Vijal: So you know, Alex comes in from this from a very intuitive standpoint, and there is a lot of biological and neurological sort of confirmation of a lot of that. intuition. So we as humans, yes, are hardwired and primed to be able to see patterns. It’s part of our evolutionary survival skills. If we didn’t learn from patterns, and we wouldn’t have been able to evolve from, you know, being outside in the sort of caveman environment and knowing certain patterns or mistakes that we’ve made and learning from them. So a lot of learning is reinforced with patterns. There’s a lot of literature and sort of strengthening brain connections when we start doing repetition and you know, repetitive learning. But also there’s something intrinsically about our way of thinking that we really like seeing things in sequential patterns. There’s like certain things in nature that are also explained like the Fibonacci sequence and all that. And that’s also based on mathematical natural patterns. And we are almost evolved to like that intrinsically, because it makes sense on nature. So it should make sense for us. We should have co-evolved together with that.
Vijal: Well, that explains why I’m so fascinated by your pattern alphabet. I’m really drawn to the sequence of these patterns. Which I see the connection to nature. But why don’t you tell us a little more about how that got started and what you’re hoping to do with it.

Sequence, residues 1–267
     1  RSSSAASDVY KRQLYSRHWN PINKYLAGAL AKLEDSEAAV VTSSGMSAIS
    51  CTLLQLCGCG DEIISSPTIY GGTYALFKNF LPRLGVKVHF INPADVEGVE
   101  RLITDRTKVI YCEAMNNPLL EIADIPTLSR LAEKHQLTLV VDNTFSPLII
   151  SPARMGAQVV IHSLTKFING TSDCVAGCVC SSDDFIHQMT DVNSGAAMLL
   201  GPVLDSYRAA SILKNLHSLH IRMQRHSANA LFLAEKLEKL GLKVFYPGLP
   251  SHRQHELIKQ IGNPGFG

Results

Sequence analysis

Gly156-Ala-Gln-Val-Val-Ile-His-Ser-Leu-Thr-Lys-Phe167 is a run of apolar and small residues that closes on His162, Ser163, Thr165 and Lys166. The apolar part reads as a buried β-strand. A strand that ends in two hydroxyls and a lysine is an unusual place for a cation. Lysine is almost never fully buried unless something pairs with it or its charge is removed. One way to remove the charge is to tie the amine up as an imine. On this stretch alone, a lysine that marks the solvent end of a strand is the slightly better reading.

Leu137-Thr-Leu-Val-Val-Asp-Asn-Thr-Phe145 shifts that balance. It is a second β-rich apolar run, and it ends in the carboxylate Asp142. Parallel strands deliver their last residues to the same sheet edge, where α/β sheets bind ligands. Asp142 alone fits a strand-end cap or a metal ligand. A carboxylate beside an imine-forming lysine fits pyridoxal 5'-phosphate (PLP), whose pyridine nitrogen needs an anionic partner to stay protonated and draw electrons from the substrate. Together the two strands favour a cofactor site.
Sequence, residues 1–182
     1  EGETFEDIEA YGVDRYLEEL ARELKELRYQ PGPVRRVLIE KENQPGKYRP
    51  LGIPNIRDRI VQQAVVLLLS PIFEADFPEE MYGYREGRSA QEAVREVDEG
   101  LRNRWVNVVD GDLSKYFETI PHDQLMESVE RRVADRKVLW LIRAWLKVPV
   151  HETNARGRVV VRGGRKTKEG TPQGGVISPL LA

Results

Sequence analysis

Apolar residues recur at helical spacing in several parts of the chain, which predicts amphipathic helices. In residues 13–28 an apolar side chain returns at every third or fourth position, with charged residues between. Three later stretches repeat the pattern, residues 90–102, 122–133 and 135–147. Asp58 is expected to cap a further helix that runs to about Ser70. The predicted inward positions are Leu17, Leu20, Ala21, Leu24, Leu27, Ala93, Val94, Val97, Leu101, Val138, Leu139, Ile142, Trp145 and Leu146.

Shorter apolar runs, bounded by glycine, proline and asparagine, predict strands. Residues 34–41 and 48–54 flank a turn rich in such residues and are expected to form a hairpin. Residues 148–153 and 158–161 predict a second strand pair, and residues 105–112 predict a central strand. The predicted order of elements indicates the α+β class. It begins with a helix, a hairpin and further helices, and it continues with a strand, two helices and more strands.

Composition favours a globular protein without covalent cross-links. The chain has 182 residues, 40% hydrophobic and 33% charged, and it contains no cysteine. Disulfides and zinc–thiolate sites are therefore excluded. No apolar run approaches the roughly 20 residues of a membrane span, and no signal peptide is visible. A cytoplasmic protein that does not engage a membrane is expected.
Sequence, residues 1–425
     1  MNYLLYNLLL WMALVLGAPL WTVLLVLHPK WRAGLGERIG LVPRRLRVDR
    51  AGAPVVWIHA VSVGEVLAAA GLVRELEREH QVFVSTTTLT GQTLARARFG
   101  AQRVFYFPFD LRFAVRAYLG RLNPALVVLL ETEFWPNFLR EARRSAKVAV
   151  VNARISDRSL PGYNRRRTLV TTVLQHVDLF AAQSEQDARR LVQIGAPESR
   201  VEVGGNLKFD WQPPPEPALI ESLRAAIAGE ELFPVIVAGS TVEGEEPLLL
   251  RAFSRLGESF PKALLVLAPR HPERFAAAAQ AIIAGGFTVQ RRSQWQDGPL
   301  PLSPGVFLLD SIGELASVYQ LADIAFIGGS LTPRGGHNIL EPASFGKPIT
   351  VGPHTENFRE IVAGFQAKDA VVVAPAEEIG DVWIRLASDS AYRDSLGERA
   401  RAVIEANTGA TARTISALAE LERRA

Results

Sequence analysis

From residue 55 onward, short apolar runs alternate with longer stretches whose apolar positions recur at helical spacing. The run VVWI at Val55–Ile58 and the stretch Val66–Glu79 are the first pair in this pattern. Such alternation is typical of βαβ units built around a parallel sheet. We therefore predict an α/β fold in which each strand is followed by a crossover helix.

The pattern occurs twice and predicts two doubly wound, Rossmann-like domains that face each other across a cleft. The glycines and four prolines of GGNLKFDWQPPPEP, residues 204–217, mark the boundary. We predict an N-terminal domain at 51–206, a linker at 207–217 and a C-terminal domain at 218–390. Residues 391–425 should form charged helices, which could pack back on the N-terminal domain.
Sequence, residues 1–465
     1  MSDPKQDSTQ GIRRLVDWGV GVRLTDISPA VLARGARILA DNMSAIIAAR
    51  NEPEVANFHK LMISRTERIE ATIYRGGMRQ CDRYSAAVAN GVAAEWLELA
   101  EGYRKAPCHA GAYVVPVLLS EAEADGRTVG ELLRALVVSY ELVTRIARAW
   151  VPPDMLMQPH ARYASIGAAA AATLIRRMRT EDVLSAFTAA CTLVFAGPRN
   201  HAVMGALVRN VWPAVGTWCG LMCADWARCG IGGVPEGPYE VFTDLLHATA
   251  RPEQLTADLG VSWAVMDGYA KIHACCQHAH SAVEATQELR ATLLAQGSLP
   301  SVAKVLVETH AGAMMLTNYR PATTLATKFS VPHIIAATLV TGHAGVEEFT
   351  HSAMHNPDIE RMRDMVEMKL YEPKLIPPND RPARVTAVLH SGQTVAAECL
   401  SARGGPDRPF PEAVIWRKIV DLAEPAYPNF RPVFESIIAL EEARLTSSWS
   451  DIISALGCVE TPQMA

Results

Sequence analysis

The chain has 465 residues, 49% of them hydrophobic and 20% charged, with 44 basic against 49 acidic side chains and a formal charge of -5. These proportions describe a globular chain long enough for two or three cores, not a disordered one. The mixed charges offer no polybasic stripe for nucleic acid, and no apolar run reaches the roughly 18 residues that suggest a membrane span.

Alex: There are several different efficient ways to capture a series of dots of how you can do something with the least amount of surface area, for example, or linear and that’s, you know, relates to surface tension and bubble. So you’re really into this sort of quite deep science that is evident to a two year-old who only has so many words, or even to a, you know, a child within this zero to five range, they’re going to be looking at some of these things. You can point it out, and they actually can see things and that’s where, to me the magic is really coming in is that these sort of big galactic sort of cosmological-down-to-the-micro-cellular-atomic-level things are actually very To a really small child. And this is where the interesting part of where I think the pattern of it really connects to Froebel is this idea that Froebel wanted children to go out and have these abstract what we would call like making toys designed toys where you build something else with the thing that you’re using, that they would go out and see nature. And then they would build with this design toy … these different shapes and blocks and tiles and things … what they saw. And so this evidence is there for them to explore. They can build a spiral, they can build different spirals at some point. It’s always great to see when a child sees a left spiral versus a right spiral. And you’re like, “Oh, wow.”